Note - this old version of the CS website will only be kept until the end of May.
Things are being moved over to the new format at and

Undergraduate Programs

The requirements for the CS major, CS minor, and certificate in applied CS (that can be earned by non-degree students) are listed in the undergraduate catalog.

Other Courses, Sequence of Courses   For advice on which other courses to take and which order to take the courses in, see the undergraduate advising page.

Concentrations   The CS major consists of 30 credit hours of required courses, 6 hours of electives, and completing a concentration in either "Computing Science" (17 hours) or "Information Science" (15 hours). Here are some thoughts on the two different CS concentrations. The Computer Science concentration has courses that have traditionally been a part of CS majors. These courses focus on the fundamental principles and analysis techniques at the heart of computation. The Information Science concentration has courses that in the past were often electives, and are focused on particular problem areas. In general, the Information Science courses are more likely to be directly applicable to entry-level jobs, while the Computer Science concentration courses are more likely to stretch your mind and develop problem-solving techniques that you would not be able to learn on your own.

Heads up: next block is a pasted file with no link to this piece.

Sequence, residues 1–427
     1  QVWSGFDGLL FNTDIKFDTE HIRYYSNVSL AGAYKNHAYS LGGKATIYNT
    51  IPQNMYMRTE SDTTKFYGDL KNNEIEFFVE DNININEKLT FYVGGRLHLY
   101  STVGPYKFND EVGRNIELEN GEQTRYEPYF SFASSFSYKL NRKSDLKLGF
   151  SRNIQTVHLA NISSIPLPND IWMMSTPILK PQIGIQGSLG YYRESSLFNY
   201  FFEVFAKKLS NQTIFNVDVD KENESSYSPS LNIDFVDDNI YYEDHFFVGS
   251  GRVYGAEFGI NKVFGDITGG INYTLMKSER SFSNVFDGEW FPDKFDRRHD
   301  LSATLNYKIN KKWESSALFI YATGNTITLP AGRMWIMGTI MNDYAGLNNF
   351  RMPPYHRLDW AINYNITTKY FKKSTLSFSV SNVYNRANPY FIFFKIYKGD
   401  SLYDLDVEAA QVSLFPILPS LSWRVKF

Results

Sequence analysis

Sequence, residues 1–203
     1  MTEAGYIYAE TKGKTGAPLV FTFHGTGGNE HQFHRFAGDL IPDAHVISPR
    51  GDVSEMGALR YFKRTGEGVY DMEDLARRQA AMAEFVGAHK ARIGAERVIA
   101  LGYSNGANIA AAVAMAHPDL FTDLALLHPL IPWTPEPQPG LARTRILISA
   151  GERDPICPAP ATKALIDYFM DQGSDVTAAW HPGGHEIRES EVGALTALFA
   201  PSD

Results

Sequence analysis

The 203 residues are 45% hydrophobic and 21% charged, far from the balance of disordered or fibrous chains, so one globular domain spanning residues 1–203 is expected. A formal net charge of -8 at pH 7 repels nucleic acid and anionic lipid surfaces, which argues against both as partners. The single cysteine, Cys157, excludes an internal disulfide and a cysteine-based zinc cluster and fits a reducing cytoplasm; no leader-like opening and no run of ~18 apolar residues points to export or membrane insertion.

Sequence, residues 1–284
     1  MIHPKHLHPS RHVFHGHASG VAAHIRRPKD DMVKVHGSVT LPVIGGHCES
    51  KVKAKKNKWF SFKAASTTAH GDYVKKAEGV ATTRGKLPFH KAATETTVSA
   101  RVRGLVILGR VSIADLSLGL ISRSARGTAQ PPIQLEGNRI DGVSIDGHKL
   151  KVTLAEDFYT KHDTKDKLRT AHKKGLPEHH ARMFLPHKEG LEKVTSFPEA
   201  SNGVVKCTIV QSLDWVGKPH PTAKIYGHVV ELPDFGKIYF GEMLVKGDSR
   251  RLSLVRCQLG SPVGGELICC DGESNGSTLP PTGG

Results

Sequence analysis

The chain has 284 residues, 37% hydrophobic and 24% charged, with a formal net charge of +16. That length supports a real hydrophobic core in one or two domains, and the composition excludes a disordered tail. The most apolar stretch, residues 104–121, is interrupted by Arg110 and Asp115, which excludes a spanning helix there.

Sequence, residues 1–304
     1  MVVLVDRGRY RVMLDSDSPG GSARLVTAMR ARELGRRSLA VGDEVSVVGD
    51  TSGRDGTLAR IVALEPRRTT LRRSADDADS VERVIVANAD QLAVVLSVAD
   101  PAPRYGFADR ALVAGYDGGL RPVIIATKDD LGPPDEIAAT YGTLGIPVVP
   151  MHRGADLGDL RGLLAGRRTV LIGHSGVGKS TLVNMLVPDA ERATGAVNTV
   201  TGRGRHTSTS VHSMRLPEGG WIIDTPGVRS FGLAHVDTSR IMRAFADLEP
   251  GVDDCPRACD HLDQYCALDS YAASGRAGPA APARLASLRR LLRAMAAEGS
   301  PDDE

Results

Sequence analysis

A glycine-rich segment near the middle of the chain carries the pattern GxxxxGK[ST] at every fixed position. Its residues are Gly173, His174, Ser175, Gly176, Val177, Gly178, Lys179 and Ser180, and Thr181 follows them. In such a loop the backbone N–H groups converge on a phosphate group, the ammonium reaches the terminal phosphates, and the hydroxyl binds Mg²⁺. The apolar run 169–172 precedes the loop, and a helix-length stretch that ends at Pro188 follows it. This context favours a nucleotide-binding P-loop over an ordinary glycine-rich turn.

Given all of that, the recommendation is to do as much of both concentrations as you can fit into your schedule. From the Computer Science concentration, take CS 420 and CS 458 if possible. From the Information Science concentration, take as many of the courses as you can fit into your schedule, and prioritize based on your interests. If you normally do well at math courses, take Math 131 and Math 132 early in your time at ISU (while your previous math courses are still fresher in your mind) to keep your options open.

One last thought... If you plan to aim at the most competetive CS jobs (e.g., tech and software companies), those companies are used to hiring people that have coursework from the Computer Science concentration. That is, if you are an A student in your CS courses and want to have the most options when applying for jobs, take the Computer Science concentration, and do as many of the courses from the Information Science concentration as possible. If, on the other hand, you likely want to stay local or work for a smaller company (possibly a company where you are one of the only people with a CS degree), these companies are less likely to care whether you have taken calculus, and more likely to want you to have some experience with whatever software package or problem domain they want you to work in.